25 Responses to McNemar’s Test

  1. Jason Mathews says:

    Hi Dr. Zaiontz,

    Imagine you are running a cancer clinic. Some people you see will have a symptom (say a lump). When you evaluate some symptoms you find a cancer. Most people you see do not have a symptom and they undergo screening to determine if they have a cancer. Screening can be a mammogram, an ultrasound, or both depending on individual circumstances.

    Each cancer has a stage at diagnosis. Stages range from 0 to 4. With higher numbered stage, prognosis is worse, but the stages are not linear. In other words, although a stage 4 cancer is worse than a stage 2 cancer, it is not twice as bad as a stage 2 cancer.

    Screening is performed to decrease stage at diagnosis. Most people who you see with a symptom that indicates a cancer are at least stage 2. Screen detected cancers are usually stage 1. Stage 1 is much better. Stage 2 and above are advanced cancers. With screening you usually find cancers in somewhere between 0.4%-1.5% of people screened.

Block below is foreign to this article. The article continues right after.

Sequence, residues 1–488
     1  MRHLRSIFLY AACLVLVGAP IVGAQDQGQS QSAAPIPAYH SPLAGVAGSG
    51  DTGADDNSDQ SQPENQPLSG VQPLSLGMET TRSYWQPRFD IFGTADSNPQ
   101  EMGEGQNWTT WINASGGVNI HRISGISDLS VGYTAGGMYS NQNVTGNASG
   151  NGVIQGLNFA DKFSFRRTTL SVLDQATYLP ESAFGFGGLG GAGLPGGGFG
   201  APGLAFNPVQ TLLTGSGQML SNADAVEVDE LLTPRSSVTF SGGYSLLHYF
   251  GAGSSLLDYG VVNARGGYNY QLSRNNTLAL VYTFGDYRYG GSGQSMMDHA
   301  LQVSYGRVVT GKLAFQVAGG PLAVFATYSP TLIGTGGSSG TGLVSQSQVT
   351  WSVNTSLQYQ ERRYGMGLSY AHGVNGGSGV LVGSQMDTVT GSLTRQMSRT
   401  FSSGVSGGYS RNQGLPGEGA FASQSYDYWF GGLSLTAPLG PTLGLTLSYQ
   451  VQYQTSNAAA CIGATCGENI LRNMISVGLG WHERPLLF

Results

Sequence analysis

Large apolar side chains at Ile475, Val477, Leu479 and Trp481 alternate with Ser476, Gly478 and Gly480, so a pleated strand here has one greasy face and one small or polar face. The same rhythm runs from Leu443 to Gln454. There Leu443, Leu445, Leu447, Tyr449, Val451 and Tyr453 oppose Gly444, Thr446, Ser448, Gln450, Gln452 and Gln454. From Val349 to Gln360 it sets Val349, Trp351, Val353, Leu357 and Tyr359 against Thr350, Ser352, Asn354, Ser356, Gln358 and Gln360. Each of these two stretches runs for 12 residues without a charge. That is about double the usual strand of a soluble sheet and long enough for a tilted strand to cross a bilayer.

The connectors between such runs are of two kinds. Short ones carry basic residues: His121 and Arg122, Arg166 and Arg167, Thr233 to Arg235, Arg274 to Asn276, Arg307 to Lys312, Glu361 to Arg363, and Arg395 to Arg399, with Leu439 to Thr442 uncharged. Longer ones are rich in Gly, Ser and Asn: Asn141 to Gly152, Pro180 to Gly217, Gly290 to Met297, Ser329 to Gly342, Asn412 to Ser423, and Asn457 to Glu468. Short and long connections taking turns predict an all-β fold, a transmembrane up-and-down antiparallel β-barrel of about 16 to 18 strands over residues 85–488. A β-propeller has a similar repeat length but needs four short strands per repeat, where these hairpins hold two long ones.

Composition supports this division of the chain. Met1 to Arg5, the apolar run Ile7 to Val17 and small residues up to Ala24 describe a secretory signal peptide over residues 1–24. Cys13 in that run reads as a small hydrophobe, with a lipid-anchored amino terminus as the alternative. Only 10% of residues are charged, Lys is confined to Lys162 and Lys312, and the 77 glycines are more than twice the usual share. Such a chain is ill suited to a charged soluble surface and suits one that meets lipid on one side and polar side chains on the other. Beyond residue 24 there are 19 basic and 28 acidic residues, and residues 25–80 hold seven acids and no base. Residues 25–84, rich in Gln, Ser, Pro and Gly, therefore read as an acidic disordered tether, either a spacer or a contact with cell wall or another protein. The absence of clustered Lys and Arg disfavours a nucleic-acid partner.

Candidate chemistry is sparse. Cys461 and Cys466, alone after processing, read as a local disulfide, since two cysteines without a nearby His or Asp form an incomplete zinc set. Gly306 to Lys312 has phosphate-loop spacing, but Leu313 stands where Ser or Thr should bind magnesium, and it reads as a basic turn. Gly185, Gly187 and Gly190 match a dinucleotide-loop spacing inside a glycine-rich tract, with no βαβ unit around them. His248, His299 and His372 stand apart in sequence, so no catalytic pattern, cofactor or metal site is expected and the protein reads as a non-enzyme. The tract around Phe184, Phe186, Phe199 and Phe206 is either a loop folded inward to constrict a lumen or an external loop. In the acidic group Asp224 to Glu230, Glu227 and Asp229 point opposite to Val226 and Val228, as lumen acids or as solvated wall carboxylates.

You see about 6,000 people in your clinic. You diagnose about 150 cancers. You have recorded what imaging people had done that resulted in the diagnosis. For each diagnostic study you know if the cancer was seen.

    You calculate the proportion of cancers diagnosed that were advanced (stage>1) for each method of diagnosis, symptomatic, mammogram, ultrasound, or mammogram+ultrasound.

    You find that the proportion of advanced cancers when compared to the proportion of symptomatic cancers is as follows: mammogram > mammogram+ultrasound. Ultrasound alone is roughly the same as mammogram. This Implies that the combination of mammogram+ultrasound is a better screening strategy.

    How would you test this hyopothesis? These are paired observations, so I was thinking of using the McNemar test and running multiple comparisons, i.e. symptomatic vs. mammogram, symptomatic vs. ultrasound, etc., but the multiple comparisons are concerning. I would appreciate any thoughts you might have…. Thank you!

    • Charles says:

      Jason,

      I understand that you are trying to test “whether the combination of mammogram+ultrasound is a better screening strategy than ultrasound alone.” Is this correct?

      If so, first you need to define what it means to be “a better screening strategy”. Does this mean significantly fewer deaths? or lives longer? or something else? What if you haven’t run the experiment long enough to know which category a person fits into?